Bob Okerstrom bounced around a lot as a kid.
As a boy growing up in the 1950s, his father worked with an Army company that moved from town to town in the Midwest often. So Okerstrom never really felt at home anywhere.
That is, until he arrived at Mason City High School ahead of his junior and senior year.
"It took a while to get acquainted," Okerstrom said. "But my last couple years here were good years. I enjoyed my last two years in Mason City. It's a good town."
Okerstrom, a MCHS 1957 graduate, used athletics as a way to get to get accustomed to a new environment. According to him, when you're smacking helmets and pads every day at football practice, that's a pretty good way to get to know everyone.
During his two years at Mason City, he racked up the accolades in football, basketball and track and field.
But his senior season on the track was one that has gone down in the Mohawk history books.
Okerstrom set numerous Mason City records in the football throw, high hurdles and low hurdles. He went undefeated in the low hurdles and high hurdles, including a state championship in both races and a Drake Relays title in the highs.
"One of the best athletes I've ever seen," former Mason City track and field coach Bill Moore said about Okerstrom.
For his accomplishments on the grass, hardwood and, especially, the track, Okerstrom will be inducted into the Mason City High School Athletic Hall of Fame as part of the Class of 2021.
"I guess I never expected to be inducted," Okerstrom said. "I was just a two-year student here. But I'm very pleased and very happy about it. It's quite an honor."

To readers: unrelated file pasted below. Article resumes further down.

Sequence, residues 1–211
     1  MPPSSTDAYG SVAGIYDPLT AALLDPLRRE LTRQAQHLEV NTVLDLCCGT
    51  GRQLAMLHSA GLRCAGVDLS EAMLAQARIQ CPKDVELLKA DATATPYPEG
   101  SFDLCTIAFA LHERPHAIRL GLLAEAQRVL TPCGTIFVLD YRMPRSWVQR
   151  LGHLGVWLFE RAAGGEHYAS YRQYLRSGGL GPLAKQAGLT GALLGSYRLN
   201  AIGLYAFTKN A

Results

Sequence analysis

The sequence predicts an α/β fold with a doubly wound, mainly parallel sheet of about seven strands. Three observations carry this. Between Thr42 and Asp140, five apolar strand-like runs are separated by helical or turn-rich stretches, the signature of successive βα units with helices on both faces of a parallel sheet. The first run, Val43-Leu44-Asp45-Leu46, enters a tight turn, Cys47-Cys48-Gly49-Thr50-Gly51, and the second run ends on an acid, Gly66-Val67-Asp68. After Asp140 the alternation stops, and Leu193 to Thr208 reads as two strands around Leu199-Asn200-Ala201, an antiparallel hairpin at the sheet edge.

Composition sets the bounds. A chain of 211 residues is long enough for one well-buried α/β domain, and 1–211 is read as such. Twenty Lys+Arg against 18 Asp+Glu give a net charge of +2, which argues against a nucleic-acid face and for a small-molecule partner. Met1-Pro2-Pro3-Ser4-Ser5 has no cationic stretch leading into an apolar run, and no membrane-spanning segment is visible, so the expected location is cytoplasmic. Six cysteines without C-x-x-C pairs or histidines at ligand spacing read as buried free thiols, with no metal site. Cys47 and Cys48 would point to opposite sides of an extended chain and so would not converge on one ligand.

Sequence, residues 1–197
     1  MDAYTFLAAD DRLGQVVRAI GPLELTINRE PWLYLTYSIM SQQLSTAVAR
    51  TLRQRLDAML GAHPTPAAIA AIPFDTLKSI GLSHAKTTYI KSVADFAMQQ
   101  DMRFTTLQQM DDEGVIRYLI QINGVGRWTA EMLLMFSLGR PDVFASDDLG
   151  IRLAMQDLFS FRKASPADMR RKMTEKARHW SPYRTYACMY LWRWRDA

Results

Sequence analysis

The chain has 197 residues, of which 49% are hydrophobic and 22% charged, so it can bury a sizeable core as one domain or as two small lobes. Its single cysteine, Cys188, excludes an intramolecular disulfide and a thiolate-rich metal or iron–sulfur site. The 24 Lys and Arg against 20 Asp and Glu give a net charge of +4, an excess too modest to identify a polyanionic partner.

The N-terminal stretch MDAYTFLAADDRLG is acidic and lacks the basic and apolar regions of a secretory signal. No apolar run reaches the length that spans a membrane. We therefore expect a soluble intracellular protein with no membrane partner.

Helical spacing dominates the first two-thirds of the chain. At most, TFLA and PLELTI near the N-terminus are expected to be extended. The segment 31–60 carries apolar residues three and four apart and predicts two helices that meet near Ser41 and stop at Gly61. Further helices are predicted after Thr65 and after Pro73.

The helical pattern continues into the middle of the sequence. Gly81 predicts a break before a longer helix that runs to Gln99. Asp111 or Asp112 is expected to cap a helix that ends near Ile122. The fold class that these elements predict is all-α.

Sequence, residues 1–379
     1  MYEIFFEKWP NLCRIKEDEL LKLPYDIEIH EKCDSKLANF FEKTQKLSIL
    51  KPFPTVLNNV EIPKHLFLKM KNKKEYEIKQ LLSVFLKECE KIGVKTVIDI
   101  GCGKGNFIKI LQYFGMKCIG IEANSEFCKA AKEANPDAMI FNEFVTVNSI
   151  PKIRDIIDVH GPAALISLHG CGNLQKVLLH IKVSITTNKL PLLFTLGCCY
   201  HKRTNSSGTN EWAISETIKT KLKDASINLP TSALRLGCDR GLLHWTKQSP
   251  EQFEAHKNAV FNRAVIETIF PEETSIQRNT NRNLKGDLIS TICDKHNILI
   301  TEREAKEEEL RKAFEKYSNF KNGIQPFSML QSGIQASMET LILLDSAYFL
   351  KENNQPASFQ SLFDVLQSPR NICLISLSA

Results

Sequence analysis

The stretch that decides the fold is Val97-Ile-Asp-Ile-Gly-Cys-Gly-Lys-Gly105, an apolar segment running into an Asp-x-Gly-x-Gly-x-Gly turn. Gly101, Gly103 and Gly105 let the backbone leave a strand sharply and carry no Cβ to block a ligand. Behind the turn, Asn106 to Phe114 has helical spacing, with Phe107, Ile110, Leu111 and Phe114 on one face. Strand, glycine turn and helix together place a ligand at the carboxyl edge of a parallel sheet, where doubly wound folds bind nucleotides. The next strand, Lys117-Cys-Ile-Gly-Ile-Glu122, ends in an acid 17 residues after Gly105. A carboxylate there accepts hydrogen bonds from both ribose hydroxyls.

At 6 feet, 5 inches tall, Okerstrom made clearing both the low and high hurdles look easy. He only lost four races during his junior season, and finished second in the low hurdles and fourth in the high hurdles at the state meet.
With the athletes who finished ahead of him at the state meet all graduating, he knew he would have a good chance to improve upon his finish when his senior season rolled around.
When the spring of 1957 rolled around, Okerstrom, known affectionately by his teammates as 'Okie' back then, never lost a hurdle race.
"I felt like I had a pretty good year ahead of me I suppose," Okerstrom said. "I was pleasantly surprised that I did go through the year undefeated."
After high school, Okerstrom competed in track and field at the University of Kansas for two years. He also ran one season afterwards at the now-defunct Parsons College in Fairfield, Iowa.
After college, Okerstrom moved back to Mason City and, outside of six years living in Minneapolis, spent the majority of his adult life in North Iowa. He still lives in Mason City today.
"When I moved to Minneapolis, I didn't anticipate we'd ever move back," Okerstrom said. "But I'm glad we did."
Okerstrom, now 82 years old, still remembers his time competing for Mason City High School fondly.
As a member of the MCHS Athletic Hall of Fame, his time there won't be forgotten.
Okerstrom will be inducted into the Hall of Fame on Sept. 10 at halftime of the Mason City-Charles City football game.
Gunnar Davis covers sports. Reach him via email at Gunnar.Davis@GlobeGazette.com or by phone 641-421-0598.